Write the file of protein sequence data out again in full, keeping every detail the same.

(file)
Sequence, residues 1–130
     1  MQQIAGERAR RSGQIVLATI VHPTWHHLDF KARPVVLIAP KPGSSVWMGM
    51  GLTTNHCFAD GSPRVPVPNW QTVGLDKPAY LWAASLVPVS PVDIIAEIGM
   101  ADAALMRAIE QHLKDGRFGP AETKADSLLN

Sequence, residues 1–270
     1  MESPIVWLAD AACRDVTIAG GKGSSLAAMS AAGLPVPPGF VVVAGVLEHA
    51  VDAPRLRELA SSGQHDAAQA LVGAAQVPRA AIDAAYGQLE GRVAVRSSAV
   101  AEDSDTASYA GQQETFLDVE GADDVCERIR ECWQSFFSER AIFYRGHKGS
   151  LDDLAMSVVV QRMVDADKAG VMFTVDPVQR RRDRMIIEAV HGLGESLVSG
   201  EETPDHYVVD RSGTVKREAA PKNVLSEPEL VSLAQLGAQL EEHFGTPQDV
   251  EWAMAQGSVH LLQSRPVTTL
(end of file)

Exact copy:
Sequence, residues 1–130
     1  MQQIAGERAR RSGQIVLATI VHPTWHHLDF KARPVVLIAP KPGSSVWMGM
    51  GLTTNHCFAD GSPRVPVPNW QTVGLDKPAY LWAASLVPVS PVDIIAEIGM
   101  ADAALMRAIE QHLKDGRFGP AETKADSLLN

Sequence, residues 1–270
     1  MESPIVWLAD AACRDVTIAG GKGSSLAAMS AAGLPVPPGF VVVAGVLEHA
    51  VDAPRLRELA SSGQHDAAQA LVGAAQVPRA AIDAAYGQLE GRVAVRSSAV
   101  AEDSDTASYA GQQETFLDVE GADDVCERIR ECWQSFFSER AIFYRGHKGS
   151  LDDLAMSVVV QRMVDADKAG VMFTVDPVQR RRDRMIIEAV HGLGESLVSG
   201  EETPDHYVVD RSGTVKREAA PKNVLSEPEL VSLAQLGAQL EEHFGTPQDV
   251  EWAMAQGSVH LLQSRPVTTL